Even with all of this knowledge gained through the decades of their theme park operations, Disney still wasn’t 100 percent sure it would be able to beat Universal on its merits. And so, if they were really going to differentiate themselves from the new kids on the block, they’d need something special. Like, say, the offices of the heart and soul of the company.



I hope that Disney lives up to the expectations it is giving us, I personally thing that most of the new "Experiences/rides" ie. The little Mermaid and the, yes I am going to say this.. Seven Dwarfs Mine Train ride leave me a bit disappointed. They don't have the same feel as the older rides, they seam to be all "new" but are in my opinion very poorly done. Yes they have new innovations, swinging ride cars and such, but if you have been on these rides they lack that certain "disneyesque" quality, that " Plus" Disney is so proud of. Those who have ridden these know what I mean, but to explain it to others let me just say that they have left little to the imagination and have done little to hide the fact that they are rides in an amusement park, sure there is all the Facade work, making it Look amazing, but it has always been the experience inside that made a ride truly Disneyesque. They need to bring back the immersive quality that was once was. According to this article they just might...we'll see.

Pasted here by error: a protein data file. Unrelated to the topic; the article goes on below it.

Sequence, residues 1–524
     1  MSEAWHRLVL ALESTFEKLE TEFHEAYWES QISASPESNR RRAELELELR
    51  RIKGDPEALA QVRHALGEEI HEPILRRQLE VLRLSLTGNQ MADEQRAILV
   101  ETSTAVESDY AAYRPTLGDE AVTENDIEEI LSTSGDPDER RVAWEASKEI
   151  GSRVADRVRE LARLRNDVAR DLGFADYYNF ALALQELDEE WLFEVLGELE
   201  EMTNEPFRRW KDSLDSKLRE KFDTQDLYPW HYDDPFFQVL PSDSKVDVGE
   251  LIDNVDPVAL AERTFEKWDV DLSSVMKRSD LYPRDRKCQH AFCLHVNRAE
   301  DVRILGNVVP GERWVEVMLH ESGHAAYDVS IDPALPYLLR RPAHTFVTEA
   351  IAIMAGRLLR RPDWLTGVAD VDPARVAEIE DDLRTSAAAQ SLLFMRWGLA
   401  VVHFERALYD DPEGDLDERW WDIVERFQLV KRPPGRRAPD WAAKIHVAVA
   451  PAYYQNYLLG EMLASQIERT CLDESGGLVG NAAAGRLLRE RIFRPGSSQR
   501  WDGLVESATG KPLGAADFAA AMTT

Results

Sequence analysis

In reply to by Beth Newman Willard (not verified)

My thought on this is that those rides you mentioned -- The Little Mermaid and Seven Dwarves Mine Train -- really weren't put in a position to succeed. These attractions are D-Ticket attractions at best, but were over-hyped by the company as a sort of bizarre PR campaign to show that, yes, they were investing in Walt Disney World. With Universal expanding faster than a supernova, they needed to try and counter the narrative somehow.

I think for what they are, they're fine attractions. They simply aren't the game-changing experiences we all wanted them to be. What Disney's promising moving forward, from Star Wars to Pandora, are attractions in this mold -- attractions that we'll be awed by. It remains to be seen if they'll be as successful as Disney is claiming they'll be, but I think the recent disappointments, as you call them, are more due to unrealistic and unfair expectations that Disney itself fed into.